Login | Request Account (DAF staff only)

New Technologies for Weed Eradication—Invasive Plants Have No Place to Hide When DNA Is Involved

Simmons, L., Vitelli, J. and Csurhes, S. (2020) New Technologies for Weed Eradication—Invasive Plants Have No Place to Hide When DNA Is Involved. Proceedings, 36 . p. 73.

[img]
Preview
PDF
132kB

Article Link(s): https://doi.org/10.3390/proceedings2019036073

Publisher URL: https://www.mdpi.com/2504-3900/36/1/73

Abstract

Building on the advances in molecular technology, two genetic based tools are being developed by Biosecurity Queensland to improve conventional invasive plant detection, monitoring and control. Sporobolus is a genus of almost 200 grass species from tropical and subtropical parts of the world. In Australia, 19 Sporobolus species are endemic and 8 species are introduced. Of these, 10 (5 natives and 5 introduced) are closely allied species and overlapping morphological traits makes accurate identification very difficult. Five of the introduced weedy Sporobolus grasses including Giant Rat’s Tail Grass (GRT), threaten to cost the grazing industry of eastern Australia $60 million per annum, having the potential to infest 60% of Queensland and 30% of Australia. The success of four GRT biological control programs in Australia, hinge on the accurate identification of the host plant. The GRT project relies on a molecular approach to delimit and accurately identify these Sporobolus species, allowing for a more accurate and targeted control strategy to be used in the paddock.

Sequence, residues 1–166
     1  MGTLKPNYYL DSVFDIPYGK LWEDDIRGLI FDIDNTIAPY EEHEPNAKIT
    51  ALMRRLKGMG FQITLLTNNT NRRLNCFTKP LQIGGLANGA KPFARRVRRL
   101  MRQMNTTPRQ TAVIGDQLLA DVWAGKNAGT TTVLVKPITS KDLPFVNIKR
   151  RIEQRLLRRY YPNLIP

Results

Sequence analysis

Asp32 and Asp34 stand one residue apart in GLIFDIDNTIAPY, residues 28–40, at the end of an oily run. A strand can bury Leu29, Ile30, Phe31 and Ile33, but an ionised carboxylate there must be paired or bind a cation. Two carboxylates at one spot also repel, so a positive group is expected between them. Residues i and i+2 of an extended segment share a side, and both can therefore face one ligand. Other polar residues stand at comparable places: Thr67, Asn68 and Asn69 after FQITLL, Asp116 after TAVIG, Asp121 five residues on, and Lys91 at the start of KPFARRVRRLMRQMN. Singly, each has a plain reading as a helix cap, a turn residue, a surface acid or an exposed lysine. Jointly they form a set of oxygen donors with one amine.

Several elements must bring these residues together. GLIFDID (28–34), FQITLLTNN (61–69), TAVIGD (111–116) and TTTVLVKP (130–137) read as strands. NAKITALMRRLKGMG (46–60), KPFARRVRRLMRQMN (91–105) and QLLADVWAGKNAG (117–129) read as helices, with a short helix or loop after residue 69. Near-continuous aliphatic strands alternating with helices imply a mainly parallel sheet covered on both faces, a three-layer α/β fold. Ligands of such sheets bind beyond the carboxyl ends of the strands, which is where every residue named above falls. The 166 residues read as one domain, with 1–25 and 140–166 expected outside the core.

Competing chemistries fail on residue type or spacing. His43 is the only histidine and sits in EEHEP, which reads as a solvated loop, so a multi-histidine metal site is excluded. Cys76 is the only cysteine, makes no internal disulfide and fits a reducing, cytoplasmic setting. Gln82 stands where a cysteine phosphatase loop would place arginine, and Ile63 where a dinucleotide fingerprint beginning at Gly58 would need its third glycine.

The second molecular project focuses on the dioecious Mexican bean tree (Cecropia spp.), a restricted pioneer tree that has invaded rainforests in tropical and subtropical Queensland. Molecular markers are being used to genotype an eradicated population to identify if there are any undetected
parent trees within surveyed areas that may be residing in inaccessible rainforest patches, thereby preventing extirpation to occur. Dust monitoring devices to capture pollen are being trialed as an eDNA surveillance method for detecting unknown Mexican bean tree populations in remote rainforest locations.

Item Type:Article
Business groups:Biosecurity Queensland
Additional Information:Presented at the third International Tropical Agriculture Conference (TROPAG 2019), Brisbane, Australia, 11–13 November 2019.
Keywords:invasive plants; eDNA; Sporobolus; species genetic differentiation; phylogeny; Cecropia; proof of freedom
Subjects:Science > Invasive Species > Plants
Science > Invasive Species > Plants > Eradication and containment
Science > Botany > Genetics
Plant pests and diseases > Weeds, parasitic plants etc
Technology > Technology (General)
Deposited On:02 Jun 2020 01:26
Last Modified:02 Jun 2020 01:27

Repository Staff Only: item control page